How to Save Heirloom Tomato Seeds

| December 3, 2017 | 0 Comments

Seeds after drying will be very hard.

When Mission Hills Garden Club met in September, Brijette Romstadt gave us a talk on seeds. Of all the seeds she mentioned, tomatoes interested me most. With the exception of 1972 or 1973, I have found it much cheaper to purchase fancy heirloom tomatoes than to grow them. Nevertheless, despite my vow to never grow another tomato ever, I find myself saving the seeds as Romstadt instructed. This year I am trying to follow her instructions to the letter.

The first step is to choose the tomato or tomatoes you want to duplicate. Unfortunately, my labels fell off or were pulled off so I have no idea which seeds went with which tomato. I can say that my seeds were all tomatoes I liked (maybe 20 or so. Not more than 30 for certain). If they cross-pollinate. I don’t care. In this step, you definitely want to use a ripe tomato.

Romstadt has learned that in coastal areas (Mission Hills gets coastal breezes and some of its fog) cherry tomatoes do better than the big beefsteaks. I was successful the one year in the early 70s with huge beefsteak tomatoes. I have no idea of their name, but I harvested about 20 or more a day. Romstadt says that was very unusual, and I certainly haven’t grown anything larger than a big plum tomato since.

Cut the tomato in half (I read somewhere to cut the tomato at the equator.) Using your fingers or a melon scoop, gently remove the seeds from each half, and place them in a container. Put in enough water to make a soupy consistency and stir. I sliced my tomato and dumped the seeds. Then I put the slices in a sandwich and ate them.

Cover the container. You may want to poke holes in it. I screwed the lid onto my container, and the seeds did what it said they would do. You probably should label the container with the kind of tomatoes you’re planning to get. As I said, I didn’t label mine, as I have no idea which tomatoes I took seeds from. Put the container in a warm place. I kept mine on the kitchen counter out of the sunlight.

It was warm (heat wave) and not breezy. Cooler areas mean a longer fermentation time, and that is what you want. Now the seeds need to ferment. Tomato seeds have a gelatinous covering that keep them from germinating.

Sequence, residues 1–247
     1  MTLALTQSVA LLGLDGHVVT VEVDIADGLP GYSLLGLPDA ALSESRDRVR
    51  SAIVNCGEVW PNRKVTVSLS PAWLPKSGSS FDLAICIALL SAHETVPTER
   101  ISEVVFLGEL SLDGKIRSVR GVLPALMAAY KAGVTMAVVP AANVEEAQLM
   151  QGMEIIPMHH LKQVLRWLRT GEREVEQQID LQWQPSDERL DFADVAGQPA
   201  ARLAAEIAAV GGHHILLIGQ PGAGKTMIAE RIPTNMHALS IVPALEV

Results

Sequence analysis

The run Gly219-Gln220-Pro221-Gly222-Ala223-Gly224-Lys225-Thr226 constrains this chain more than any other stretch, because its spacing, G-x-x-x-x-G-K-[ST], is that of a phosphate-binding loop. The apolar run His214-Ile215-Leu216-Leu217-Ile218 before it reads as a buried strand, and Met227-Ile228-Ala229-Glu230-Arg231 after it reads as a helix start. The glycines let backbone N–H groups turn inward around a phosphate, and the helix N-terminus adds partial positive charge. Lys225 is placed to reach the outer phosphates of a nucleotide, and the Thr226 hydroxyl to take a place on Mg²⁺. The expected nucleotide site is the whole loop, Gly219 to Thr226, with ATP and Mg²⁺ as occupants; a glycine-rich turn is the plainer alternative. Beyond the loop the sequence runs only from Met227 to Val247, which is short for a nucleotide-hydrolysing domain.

Fermentation rids them of this covering. You may stir the seed liquid (remove the lid or cover first) and then put it back with its cover where it was before. Mine started to grow mold (the sign that fermentation has begun) very quickly. As it ferments, it will turn darker and may emit a smell. The seeds should have sunk to the bottom and there may be foamy white mold at the top. The mold will help dissolve the protective gel around the seeds, but it will not hurt the seeds. Do not leave the seeds in the fermentation too long as they may begin to sprout. You don’t want them warm and wet until you are ready to plant them. You can’t save sprouted seeds.

The next step is where I am at this exact moment. I removed the mold from the top of the water. I didn’t use my hands as the mold had turned dark and was most unappealing. I flipped it into the garbage disposal and then filled the container with water. I stirred it briefly. Pour off the liquid and bad seeds and any other debris that is on the top. I used a strainer for this step. Keep rinsing and draining the seeds until the water is clear and all the seeds are on the bottom of the container.

The seeds cannot be stored damp, so place them on a piece of waxed paper or parchment paper. Do not use ceramic, metal or plastic, as they won’t absorb water. Paper towel adheres to the seeds, so avoid that. Paper plates should work. At this point you might want to label these seeds too.

The seeds should be in a warm area that is not in direct sunlight. Stir them or shake the paper plate every day to prevent clumping. Air speeds the drying process. It should take a week or two or even three to dry. Do not dry them in the oven or heat them to dry. Humidity and high temperatures may cause the seeds to sprout.

You can tell when the seed is dry as it will be very hard. It snaps faintly when broken in half. If the seed bends, it needs to dry longer. Once all your seeds have dried, you can move on to the last step, storing.

Paper envelopes are perfect for storing seeds. Be certain your seeds are 100 percent dry, especially if you use plastic bags, which encourage mildew, which will spoil everything. Store the seeds in a cool, dry place. Some people store them in the refrigerator or freezer. Then hope for the best. If I get a tomato from my seeds, I’ll let you know.

Our next meeting will be held at Mission Hills Nursery – 1525 Fort Stockton Drive – from 6 to 8 p.m. on Wednesday, January 24, 2018. It is free for members; $10 for guests.

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About the Author ()

Barbara Strona is a native Californian who grew up in the Mid-West and Los Angeles. She and her architect husband, Carl, came to San Diego in 1968 and have lived in Mission Hills since early 1971. Barbara received a Bachelor of Arts from Scripps College with a major in English, and a minor in Art. She attended UCLA graduate school and received a General Secondary Credential. She taught English in Los Angeles, Pennsylvania, and at Point Loma High School. She has been a Realtor specializing in residential sales since 1984. Her passions include her job, reading, writing, foreign languages and foreign countries, animals (feathered or furry), theatre, and her family: husband, two adult children and two grandsons.